The library allows you not to think about the number of workers, creating processes and provides an interactive interface for monitoring progress.
pip install pandas jupyter pandarallel requests tqdm
As you can see, I also install tqdm. With it, I will clearly demonstrate the difference in the speed of code execution in a sequential and parallel approach.
import pandas as pd import requests from tqdm import tqdm tqdm.pandas() from pandarallel import pandarallel pandarallel.initialize(progress_bar=True)
You can find the complete list of settings in the pandarallel documentation.
For experiments, let's create a simple data frame - 100 rows, 1 column.
df = pd.DataFrame( [i for i in range(100)], columns=["sample_column"] )
As we know, the solution of not all problems can be paralleled. A simple example of a suitable task is to call some external source, such as an API or database. In the function below, I call an API that returns one random word. My goal is to add a column with words derived from this API to the data frame.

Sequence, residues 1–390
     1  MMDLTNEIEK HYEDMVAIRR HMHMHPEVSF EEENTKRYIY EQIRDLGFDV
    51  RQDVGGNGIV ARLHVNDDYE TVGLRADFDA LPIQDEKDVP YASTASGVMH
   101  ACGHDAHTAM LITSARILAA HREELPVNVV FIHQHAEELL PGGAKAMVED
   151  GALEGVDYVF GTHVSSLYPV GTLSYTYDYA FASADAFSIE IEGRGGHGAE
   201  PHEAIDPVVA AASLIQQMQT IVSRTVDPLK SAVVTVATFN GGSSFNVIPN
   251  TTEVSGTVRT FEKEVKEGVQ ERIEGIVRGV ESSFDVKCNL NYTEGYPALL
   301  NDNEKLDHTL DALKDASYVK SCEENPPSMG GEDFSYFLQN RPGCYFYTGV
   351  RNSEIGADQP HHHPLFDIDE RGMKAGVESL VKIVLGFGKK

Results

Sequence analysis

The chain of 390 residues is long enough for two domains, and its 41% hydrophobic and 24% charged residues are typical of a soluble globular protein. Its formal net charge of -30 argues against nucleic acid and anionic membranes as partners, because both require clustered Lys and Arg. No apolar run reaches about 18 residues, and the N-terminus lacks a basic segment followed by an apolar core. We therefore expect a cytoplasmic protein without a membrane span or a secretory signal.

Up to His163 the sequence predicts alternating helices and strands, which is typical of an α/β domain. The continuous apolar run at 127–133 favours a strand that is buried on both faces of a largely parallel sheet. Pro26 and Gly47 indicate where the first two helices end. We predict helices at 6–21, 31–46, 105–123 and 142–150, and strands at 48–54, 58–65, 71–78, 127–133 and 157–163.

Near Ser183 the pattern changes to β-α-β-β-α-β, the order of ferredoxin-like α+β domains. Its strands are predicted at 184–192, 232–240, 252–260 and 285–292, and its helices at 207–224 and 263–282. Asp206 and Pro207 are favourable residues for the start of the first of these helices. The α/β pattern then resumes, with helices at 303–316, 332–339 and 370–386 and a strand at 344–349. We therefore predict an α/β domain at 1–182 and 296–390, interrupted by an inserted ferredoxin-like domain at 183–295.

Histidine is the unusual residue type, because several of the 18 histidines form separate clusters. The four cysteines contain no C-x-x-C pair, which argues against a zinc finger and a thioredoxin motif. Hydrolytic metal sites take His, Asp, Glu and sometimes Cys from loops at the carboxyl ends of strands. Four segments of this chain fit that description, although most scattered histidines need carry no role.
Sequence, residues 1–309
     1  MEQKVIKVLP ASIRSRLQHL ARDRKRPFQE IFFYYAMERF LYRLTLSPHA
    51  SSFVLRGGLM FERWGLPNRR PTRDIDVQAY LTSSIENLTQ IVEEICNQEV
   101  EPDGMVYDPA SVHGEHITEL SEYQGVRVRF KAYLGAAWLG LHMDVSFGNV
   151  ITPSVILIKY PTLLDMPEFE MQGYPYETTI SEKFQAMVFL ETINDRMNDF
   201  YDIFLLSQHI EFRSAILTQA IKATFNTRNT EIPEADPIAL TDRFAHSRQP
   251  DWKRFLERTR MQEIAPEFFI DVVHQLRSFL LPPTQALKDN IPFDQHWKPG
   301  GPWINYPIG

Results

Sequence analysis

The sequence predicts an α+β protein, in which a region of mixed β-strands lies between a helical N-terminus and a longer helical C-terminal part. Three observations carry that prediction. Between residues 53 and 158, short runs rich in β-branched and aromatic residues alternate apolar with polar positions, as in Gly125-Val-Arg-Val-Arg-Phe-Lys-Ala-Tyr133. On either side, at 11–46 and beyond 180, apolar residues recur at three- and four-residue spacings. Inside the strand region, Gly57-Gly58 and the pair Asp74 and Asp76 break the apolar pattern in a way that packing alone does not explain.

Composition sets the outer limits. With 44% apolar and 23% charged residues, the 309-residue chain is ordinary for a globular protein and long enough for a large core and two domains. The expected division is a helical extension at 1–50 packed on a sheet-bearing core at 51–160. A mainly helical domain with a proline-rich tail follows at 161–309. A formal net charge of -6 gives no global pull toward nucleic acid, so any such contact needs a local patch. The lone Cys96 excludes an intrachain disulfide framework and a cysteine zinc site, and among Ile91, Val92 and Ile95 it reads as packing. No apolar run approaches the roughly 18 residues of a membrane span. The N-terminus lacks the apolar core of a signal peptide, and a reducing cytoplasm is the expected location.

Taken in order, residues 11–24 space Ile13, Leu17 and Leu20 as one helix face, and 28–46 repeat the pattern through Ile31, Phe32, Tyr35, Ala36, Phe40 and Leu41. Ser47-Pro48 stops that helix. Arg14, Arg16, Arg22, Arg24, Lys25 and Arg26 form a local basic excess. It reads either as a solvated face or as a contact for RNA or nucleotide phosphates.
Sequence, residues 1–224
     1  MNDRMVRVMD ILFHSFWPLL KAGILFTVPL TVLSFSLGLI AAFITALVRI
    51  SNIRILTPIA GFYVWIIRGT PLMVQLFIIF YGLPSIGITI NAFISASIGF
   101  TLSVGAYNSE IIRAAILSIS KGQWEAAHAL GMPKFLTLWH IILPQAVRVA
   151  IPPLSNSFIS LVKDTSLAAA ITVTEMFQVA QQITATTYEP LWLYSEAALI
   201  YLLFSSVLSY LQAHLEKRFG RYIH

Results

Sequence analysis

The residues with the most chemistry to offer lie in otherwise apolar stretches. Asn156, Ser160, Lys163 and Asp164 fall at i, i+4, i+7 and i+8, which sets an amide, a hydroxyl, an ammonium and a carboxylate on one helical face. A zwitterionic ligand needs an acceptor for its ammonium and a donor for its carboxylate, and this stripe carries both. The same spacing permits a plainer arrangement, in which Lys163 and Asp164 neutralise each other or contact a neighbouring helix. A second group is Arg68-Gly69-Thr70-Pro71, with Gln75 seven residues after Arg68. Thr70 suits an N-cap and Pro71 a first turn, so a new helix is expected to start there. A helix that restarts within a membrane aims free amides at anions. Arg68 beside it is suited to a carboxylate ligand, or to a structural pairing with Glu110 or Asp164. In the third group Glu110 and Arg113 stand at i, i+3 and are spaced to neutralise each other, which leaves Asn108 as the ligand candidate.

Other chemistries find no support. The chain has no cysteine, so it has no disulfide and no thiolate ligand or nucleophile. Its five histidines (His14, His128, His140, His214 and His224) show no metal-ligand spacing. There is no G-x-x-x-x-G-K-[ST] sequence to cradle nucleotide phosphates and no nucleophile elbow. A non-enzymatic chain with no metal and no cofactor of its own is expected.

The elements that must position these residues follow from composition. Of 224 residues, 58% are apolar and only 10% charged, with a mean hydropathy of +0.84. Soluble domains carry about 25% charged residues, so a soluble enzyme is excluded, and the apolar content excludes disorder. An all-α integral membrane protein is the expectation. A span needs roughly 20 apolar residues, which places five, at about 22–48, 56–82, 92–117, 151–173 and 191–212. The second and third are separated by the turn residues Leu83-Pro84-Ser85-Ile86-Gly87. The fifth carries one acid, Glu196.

def function_to_apply(i): r = requests.get(f'https://random-word-api.herokuapp.com/word').json() return r
The classic way to solve the problem
df["sample-word"] = df.sample_column.progress_apply(function_to_apply)
For people not familiar with the tqdm library, I’ll explain that the progress_apply function acts similarly to the usual apply. And in addition to this, we get an interactive progress bar.
Such a “naive” solution took 35 seconds.
Parallel way to solve the problem
To use all available cores, just use the parallel_apply function:
df["sample-word"] = df.sample_column.parallel_apply(function_to_apply)
Solving the problem using all available cores took only 5 seconds.
A full list of pandas features supported by pandarallel is listed on the GitHub project.
Thanks for attention!